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Celtics struggle to contain Westbrook and the Rockets

It’s tough to do anything about James Harden, but the Celtics’ inability to stop Russell Westbrook from getting downhill was a big reason why the winning streak ended at 7.

NBA: Boston Celtics at Houston Rockets Troy Taormina-USA TODAY Sports

In a battle between two of the NBA’s smallest teams, the Houston Rockets defeated the Boston Celtics on Tuesday night behind a combined 78 points from their All-Star guards James Harden and Russell Westbrook. When he’s in the mood, as he was in the third quarter last night, Harden is nearly impossible to stop one-on-one – his step-back three is legitimately unguardable and, since he doesn’t need a screen to get it off, defenders are all too often left on an island.

On most nights, Harden will almost certainly get his own, and while it may have been too much to ask any of the Celtics’ defenders to do much of a better job on the 2018 MVP, Boston’s inability to defend Russell Westbrook and the rest of this Rockets team from attacking the basket was a big reason why they weren’t able to extend the wining streak to 8.

After an 11-point first half, Harden exploded in the third quarter, going deep into his bag to conjure up his usual platter of step-back threes and free throws. He finished with 19 points in the period and, perhaps more importantly, opened up opportunities for the rest of the team to take advantage. This new-look Rockets team has capable, high-volume shooters everywhere making it hard for defenders to help since no one wants to surrender an open three to a P.J. Tucker or Robert Covington. When Harden’s cooking, that leaves the option of helping off Russell Westbrook, usually the one non-shooter on the court. But Westbrook is in the middle of one of the best stretches in his career. In his last 14 games, the former Thunder guard is averaging 34.0 points on 53.0% (!!!) shooting to go along with 8.1 boards and 7.6 dimes, and has looked like the perfect back court mate to Harden by attacking any closeout and finishing well at the rim.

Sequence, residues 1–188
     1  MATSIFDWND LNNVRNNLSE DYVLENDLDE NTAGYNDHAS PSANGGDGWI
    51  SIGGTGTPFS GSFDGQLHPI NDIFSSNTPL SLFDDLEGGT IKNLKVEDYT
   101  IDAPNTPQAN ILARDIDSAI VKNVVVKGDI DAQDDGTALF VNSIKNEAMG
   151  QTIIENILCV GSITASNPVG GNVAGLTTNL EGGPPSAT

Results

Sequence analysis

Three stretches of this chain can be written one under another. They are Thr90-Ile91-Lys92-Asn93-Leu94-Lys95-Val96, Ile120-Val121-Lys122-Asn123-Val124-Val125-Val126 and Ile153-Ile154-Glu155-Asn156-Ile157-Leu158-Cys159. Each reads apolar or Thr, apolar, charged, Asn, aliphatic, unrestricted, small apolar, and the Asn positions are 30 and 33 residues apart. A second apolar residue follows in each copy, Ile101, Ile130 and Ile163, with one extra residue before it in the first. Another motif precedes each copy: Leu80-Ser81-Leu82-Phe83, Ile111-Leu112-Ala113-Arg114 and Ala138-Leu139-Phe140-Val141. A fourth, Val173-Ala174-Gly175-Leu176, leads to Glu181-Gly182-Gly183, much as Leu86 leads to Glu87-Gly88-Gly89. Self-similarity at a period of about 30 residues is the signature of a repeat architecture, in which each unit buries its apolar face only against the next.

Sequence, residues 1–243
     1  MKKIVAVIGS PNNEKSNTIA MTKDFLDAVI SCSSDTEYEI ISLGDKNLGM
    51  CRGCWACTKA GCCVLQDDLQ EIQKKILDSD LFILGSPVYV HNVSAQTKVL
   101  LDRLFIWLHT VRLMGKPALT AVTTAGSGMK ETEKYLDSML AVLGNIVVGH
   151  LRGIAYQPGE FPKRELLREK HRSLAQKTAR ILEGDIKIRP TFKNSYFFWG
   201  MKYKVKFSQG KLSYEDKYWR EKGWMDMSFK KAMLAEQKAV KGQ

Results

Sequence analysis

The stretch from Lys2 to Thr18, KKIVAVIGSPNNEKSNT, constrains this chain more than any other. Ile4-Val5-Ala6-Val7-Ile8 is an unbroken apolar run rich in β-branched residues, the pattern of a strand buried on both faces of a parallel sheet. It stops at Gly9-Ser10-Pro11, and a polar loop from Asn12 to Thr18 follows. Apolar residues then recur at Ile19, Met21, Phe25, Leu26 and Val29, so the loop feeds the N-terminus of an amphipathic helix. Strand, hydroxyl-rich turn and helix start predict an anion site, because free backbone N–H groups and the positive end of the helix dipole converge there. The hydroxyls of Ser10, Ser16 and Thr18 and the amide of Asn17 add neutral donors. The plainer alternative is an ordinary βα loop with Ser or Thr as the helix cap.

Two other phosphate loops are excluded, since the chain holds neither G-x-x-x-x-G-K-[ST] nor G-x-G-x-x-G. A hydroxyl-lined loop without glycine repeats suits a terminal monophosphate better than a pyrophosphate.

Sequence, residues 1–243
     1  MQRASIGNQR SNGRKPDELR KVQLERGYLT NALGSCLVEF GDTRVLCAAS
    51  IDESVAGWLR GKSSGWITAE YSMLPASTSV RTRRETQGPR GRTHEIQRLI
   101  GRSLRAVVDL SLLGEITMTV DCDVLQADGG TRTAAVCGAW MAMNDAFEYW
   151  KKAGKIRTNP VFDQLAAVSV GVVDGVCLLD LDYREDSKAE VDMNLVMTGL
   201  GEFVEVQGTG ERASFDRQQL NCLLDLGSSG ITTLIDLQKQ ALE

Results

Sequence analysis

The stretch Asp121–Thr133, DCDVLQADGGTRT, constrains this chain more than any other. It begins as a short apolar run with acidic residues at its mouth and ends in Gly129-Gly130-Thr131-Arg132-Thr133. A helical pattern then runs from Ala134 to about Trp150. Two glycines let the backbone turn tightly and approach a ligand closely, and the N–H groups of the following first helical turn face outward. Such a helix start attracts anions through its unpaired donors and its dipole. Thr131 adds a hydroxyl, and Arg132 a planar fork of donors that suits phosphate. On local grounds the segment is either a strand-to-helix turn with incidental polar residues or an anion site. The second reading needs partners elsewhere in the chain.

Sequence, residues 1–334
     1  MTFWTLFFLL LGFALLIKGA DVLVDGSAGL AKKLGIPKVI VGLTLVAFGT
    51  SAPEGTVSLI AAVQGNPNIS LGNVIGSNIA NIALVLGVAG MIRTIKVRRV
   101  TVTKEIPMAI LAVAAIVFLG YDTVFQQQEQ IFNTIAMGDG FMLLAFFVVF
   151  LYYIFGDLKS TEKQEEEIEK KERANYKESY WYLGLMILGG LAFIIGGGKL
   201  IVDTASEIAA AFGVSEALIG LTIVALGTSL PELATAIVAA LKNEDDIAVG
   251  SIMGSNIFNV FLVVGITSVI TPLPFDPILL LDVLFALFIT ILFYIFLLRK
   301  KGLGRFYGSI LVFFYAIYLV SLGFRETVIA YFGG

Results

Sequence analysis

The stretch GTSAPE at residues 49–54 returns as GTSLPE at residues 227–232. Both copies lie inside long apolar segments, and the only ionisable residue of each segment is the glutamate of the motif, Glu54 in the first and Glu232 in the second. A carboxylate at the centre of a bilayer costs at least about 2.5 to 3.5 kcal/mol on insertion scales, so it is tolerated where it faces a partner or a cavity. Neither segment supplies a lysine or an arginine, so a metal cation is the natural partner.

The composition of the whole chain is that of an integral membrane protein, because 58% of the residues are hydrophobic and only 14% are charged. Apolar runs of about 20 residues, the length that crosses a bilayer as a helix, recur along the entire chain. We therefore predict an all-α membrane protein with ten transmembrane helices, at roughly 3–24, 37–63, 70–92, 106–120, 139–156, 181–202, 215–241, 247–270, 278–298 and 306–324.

Since it’s so hard to help off any of the Rockets, matching up against them defensively often largely comes down to one-on-one defense. In guarding Westbrook, much of the work is essentially staying with his first step. Russell has one of the quickest ones in the league, but if you can stay with him there, life gets much easier. In the first half, the Celtics did a good job of doing exactly that. On this drive below, Jaylen Brown does a great job of being physical and staying with Westbrook as he makes the initial decision to drive, before managing to get his hand up and block the shot.

Westbrook’s counter to that, though, is to build up a full head of steam before getting to the defender. The clip below is after a made basket by the Celtics, and the cameraman doesn’t even have time to focus on Kemba Walker before Westbrook is already downhill attacking Tatum. You can see him motioning to his teammates to speed the game up, and that’s exactly what he did.

Here, again after a made basket, he just gets Brown with his first step, and from there it’s a wrap.

According to Cleaning the Glass, the Rockets finished the night shooting a whopping 72.0% at the rim. Despite the lack of a traditional rim protector, the Celtics have done a fairly decent job of protecting the basket thanks to the athleticism of players like Jaylen Brown and Jayson Tatum along with the underrated rim protection of Daniel Theis. On the year, they rank 9th in the league, allowing opponents to shoot around 62.0% at the hoop.

But against Houston’s five-out set, Theis wasn’t able to stay around the rim, and the Rockets took advantage. In fact, one of Celtics’ biggest strengths this year has been the fact that don’t allow many shots at the rim to begin with, allowing just 32.7% of their field goals in that area, good for 6th in the NBA.

The Rockets have also mastered the dark art of foul hunting and managed to use the bonus to get free points at the line. Harden is well-known for his acting on the court, and in total, Houston was fouled an incredible 17 times on shooting attempts compared to the Celtics’ 9, including 4 on three-point attempts. The Rockets finished the game having shot 17 more free throws than Boston.

Perhaps the biggest beneficiary of the Rockets’ stunning deal to ship away Clint Capela and go all-in on small-ball has been Russell Westbrook. With an open lane and shooters everywhere, Westbrook is back at his best, and was a huge reason why the Rockets managed to end Boston’s 7-game winning streak.

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